Fate of conversion therapy ban unclear after 2nd judge weighs in


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The fate of the state’s new law banning gay-conversion therapy for underage Californians is uncertain after a federal judge said it may infringe on free-speech rights — and a second jurist disagreed.

U.S. District Judge William Shubb said Monday that the law, set to take effect Jan. 1, may inhibit the 1st Amendment rights of therapists who oppose homosexuality. He issued an injunction barring the state from enforcing the measure against three plaintiffs who sued to block it, until he can make a broader ruling on its merits. Within 24 hours, a second federal judge declined to interfere with the law in a separate case brought by other therapists and parents, who asserted that it violated free-speech, parental and religious rights. That action was immediately appealed.


Unless the appeal is granted, the law will take effect as scheduled, exempting the two therapists and aspiring therapist who won the injunction, according to the state attorney general’s office.

California’s conversion-therapy ban, approved amid an intense lobbying campaign by gay-rights advocates, was one of the signature bills passed by the Legislature this year. The law prohibits minors from being subject to therapies aimed at changing their sexual orientation from gay to straight. Under the law, therapists who practice conversion therapy on minors risk loss of their licenses or other discipline by the state.

State Atty. Gen. Kamala D. Harris said she would continue to ‘vigorously’’ defend the law as courts weigh its merits.

It is rare that two federal judges on the same district bench reach opposite conclusions on the same issues, legal analysts said. ‘If two district court judges come out in opposite ways, ultimately the 9th Circuit is going to have to resolve it,’ said UC Irvine Law School Dean Erwin Chemerinsky.

He said the outcome would depend on how the U.S. 9th Circuit Court of Appeals views the conversion therapy law. Doctors can’t be prohibited from expressing their views to patients, but government may ban a medical procedure or treatment it believes is ineffective or dangerous, Chemerinsky said.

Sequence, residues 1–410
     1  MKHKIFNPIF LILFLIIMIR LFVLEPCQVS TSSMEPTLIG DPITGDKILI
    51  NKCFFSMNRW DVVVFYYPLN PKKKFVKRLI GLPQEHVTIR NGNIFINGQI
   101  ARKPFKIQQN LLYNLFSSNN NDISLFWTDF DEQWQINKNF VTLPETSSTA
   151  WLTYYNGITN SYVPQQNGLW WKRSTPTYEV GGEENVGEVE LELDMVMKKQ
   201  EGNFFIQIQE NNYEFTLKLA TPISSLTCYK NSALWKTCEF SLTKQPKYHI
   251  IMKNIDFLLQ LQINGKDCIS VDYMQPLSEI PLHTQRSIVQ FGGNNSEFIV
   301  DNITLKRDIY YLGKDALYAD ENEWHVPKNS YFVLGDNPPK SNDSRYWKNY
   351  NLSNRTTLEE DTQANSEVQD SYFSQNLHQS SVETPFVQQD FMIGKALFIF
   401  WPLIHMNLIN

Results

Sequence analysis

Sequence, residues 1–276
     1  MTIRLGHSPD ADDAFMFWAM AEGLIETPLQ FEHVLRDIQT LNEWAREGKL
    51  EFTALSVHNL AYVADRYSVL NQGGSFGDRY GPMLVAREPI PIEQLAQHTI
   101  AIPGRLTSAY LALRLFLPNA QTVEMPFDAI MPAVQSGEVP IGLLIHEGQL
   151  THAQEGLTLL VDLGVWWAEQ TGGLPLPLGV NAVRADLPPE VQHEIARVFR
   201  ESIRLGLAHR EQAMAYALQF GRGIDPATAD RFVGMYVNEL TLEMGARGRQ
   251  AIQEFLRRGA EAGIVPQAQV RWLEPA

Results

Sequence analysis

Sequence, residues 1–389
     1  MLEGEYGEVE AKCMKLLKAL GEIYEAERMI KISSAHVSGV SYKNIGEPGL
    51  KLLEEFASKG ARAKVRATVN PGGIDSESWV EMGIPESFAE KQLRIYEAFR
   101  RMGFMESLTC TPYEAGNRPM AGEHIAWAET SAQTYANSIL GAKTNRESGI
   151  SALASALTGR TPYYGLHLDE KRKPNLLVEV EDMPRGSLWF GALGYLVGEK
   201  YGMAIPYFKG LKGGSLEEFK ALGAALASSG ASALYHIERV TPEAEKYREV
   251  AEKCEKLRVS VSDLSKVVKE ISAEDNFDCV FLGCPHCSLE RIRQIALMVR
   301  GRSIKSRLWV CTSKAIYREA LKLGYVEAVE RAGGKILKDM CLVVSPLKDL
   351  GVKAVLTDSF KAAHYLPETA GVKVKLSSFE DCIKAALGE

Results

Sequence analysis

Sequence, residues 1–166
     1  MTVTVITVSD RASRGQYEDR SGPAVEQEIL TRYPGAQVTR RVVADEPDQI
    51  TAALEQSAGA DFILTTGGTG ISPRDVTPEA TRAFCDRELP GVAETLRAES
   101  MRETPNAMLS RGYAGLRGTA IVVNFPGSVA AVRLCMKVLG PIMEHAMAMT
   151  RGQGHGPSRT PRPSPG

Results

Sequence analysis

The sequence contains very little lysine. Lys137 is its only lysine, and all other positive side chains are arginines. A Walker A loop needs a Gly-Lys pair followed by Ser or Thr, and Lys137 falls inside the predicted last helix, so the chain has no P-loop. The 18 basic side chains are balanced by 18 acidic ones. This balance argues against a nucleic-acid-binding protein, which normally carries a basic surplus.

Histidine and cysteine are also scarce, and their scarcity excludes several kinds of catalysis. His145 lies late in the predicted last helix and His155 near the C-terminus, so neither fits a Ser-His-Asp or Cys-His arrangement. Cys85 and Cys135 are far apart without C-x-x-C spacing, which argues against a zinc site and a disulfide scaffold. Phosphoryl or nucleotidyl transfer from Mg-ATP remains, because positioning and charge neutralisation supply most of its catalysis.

The plaintiffs before Shubb’s Sacramento court are a licensed marriage therapist and ordained minister, a psychiatrist and a former conversion therapy client who is studying to practice the technique on others. They are represented by the conservative Pacific Justice Institute.


‘This victory sends a clear signal to all those who feel they can stifle religious freedom, free speech and the rights of parents without being contested,’ said institute President Brad Dacus.

Shubb wrote in his 38-page ruling that the law, by state Sen. Ted Lieu (D-Torrance), ‘likely… bans a mental health provider from expressing his or her viewpoints about homosexuality as part of … treatment.’

The judge also found fault with evidence cited by proponents of the law that conversion therapy puts clients at risk of suicide and depression. He wrote that it is ‘based on questionable and scientifically incomplete studies that may not have included minors.’

On Tuesday, U.S. District Judge Kimberly J. Mueller in Sacramento rejected a petition from three other therapists and some of their clients to block enforcement of the law.

Citing the opinions of 10 groups that conversion therapy doesn’t work, Mueller ruled that the Legislature and governor had sufficient grounds to enact the ban. A study by a task force of the American Psychological Assn., she noted, found that conversion therapy can ‘pose critical health risks’’ to those who undergo it.

‘The findings, recommended practices and opinions of 10 professional associations of mental health experts is no small quantum of information,’’ she wrote.


Mueller also said there is no fundamental right to choose a specific mental health treatment the state has reasonably deemed harmful to minors. Besides, she said, parents are free to seek such counseling through religious institutions as long as licensed therapists are not involved.

‘The court need not engage in an exercise of legislative mind-reading to find the California Legislature and the state’s governor could have had a legitimate reason for enacting SB 1172,’’ Mueller wrote.

That decision was immediately appealed by the plaintiffs, including Encino psychologist Joseph Nicolosi, represented by the Florida-based Liberty Counsel, which represents conservative causes.


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